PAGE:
People in vulnerable situations
We have mentioned the challenges facing older people and lone parents in the websections gender impacts on health and unpaid care and housework. There are also other groups of people who are particularly vulnerable during the Covid-19 pandemic.
Refugees and migrants
Women and men living in refugee camps are especially vulnerable to Covid-19 and other diseases as a result of living in overcrowded conditions, lack of sanitation, and lack of access to decent healthcare or vaccination programmes. Physical distancing and permanent hand washing are simply impossible.
Migrant women and men not living in camps are also vulnerable. They can face barriers to accessing healthcare, such as language, financial costs, legal restrictions and lack of awareness of available services. Pregnant refugees and migrants in Europe face a higher maternal mortality rate than non-migrant women, which may be exacerbated when healthcare services are stretched due to the Covid-19 pandemic.
People with disabilities
There are many people in our society for whom the recommended physical distancing measures are not an option. We have 61 million women and 47 million men with disabilities in the EU. Many of them depend on help from others to eat, dress or shower, which makes physical distancing almost impossible.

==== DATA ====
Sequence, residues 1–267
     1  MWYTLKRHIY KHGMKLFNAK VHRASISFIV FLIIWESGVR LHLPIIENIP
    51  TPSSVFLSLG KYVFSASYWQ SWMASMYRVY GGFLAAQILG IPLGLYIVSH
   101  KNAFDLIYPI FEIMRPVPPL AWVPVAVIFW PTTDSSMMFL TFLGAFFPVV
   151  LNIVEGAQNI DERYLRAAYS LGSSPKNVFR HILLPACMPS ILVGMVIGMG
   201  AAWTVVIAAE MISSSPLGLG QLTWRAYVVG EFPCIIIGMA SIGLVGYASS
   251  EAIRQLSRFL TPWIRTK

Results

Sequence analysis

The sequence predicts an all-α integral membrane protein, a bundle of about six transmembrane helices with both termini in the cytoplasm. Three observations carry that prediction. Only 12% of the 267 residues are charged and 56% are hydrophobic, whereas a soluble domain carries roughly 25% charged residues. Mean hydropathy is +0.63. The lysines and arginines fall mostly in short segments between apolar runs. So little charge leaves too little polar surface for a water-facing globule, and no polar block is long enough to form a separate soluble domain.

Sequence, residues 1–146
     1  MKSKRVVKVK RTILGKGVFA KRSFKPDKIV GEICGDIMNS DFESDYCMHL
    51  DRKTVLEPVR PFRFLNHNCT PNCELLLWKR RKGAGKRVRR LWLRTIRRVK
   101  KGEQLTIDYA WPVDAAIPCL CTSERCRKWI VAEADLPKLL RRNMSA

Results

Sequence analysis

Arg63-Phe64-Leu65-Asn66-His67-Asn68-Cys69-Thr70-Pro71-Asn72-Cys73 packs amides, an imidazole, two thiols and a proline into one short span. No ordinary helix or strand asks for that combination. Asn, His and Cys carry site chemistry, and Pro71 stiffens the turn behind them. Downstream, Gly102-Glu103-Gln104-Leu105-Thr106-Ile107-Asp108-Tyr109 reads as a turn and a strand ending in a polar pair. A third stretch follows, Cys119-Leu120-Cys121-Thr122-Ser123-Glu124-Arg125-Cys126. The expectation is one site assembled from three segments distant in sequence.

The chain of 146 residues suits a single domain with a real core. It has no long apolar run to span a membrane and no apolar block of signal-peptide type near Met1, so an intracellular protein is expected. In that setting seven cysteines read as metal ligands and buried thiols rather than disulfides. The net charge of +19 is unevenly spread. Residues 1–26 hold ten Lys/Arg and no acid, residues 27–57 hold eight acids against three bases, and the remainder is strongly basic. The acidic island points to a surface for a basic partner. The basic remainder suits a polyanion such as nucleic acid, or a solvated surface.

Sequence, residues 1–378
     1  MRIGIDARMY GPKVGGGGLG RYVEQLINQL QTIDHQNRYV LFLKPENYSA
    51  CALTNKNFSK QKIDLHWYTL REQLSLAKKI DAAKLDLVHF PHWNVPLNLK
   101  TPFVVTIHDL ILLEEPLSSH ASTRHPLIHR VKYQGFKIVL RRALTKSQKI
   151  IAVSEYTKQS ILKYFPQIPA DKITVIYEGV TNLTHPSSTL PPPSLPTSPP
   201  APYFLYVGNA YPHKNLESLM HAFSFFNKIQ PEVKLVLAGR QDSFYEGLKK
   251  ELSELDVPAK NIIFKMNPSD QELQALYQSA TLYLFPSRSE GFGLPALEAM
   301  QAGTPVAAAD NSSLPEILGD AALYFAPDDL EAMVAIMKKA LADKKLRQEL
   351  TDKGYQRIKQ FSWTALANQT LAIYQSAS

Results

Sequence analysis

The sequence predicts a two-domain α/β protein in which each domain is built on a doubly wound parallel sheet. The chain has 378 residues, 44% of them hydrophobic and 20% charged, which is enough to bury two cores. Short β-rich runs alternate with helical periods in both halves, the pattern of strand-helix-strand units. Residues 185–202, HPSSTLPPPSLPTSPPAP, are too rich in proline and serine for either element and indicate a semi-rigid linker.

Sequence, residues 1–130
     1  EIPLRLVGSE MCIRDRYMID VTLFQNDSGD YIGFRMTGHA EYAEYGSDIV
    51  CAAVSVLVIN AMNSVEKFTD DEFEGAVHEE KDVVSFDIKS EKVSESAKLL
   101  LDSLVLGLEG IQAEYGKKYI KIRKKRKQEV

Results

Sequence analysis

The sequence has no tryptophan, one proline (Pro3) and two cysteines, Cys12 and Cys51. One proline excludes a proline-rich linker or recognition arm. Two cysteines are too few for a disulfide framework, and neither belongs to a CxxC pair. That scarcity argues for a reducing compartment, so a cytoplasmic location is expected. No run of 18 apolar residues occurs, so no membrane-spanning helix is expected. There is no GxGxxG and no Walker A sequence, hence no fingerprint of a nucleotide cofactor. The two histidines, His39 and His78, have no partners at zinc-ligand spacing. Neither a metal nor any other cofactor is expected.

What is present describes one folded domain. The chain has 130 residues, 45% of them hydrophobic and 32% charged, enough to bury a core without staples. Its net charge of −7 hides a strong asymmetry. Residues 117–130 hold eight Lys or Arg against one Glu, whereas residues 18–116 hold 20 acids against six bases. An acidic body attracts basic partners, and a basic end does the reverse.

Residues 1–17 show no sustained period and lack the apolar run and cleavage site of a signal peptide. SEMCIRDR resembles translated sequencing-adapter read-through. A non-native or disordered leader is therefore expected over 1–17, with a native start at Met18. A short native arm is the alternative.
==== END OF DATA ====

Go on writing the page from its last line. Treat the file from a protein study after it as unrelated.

When it comes to domestic violence, women with disabilities are more vulnerable. 34 % of women with disabilities have suffered intimate partner violence, compared with 19 % of women without disabilities. They often are not physically able to access shelters and other facilities, so they remain in violent situations.
Across the EU, 30 % of Roma households live without any access to tap water. Without running water in the house, it is very difficult to frequently wash hands, which is one of the key ways to protect yourself against Covid-19.
What policymakers need to know
Women and men from certain minority groups face additional challenges arising from societal prejudices and stereotypes. Policymakers need to identify which groups are at higher risk of discrimination and social exclusion and to propose targeted measures to mitigate these risks.
Maintaining structural barriers in policies is costly. Ineffective implementation of the Racial Equality and the Employment Equality Directives at the national level costs the EU €224–305 billion in lost GDP and €88-110 in lost tax revenue.
In order to identify and understand intersecting discrimination, data and research with an intersectional perspective need to be strengthened. This will enable the development of policies and legislation that adequately address these inequalities.
For more information
 FRA (2018), Many EU Roma face life like people in the world’s poorer countries.
 European Parliamentary Research Service (2018), Equality and the fight against xenophobia and racism, p.24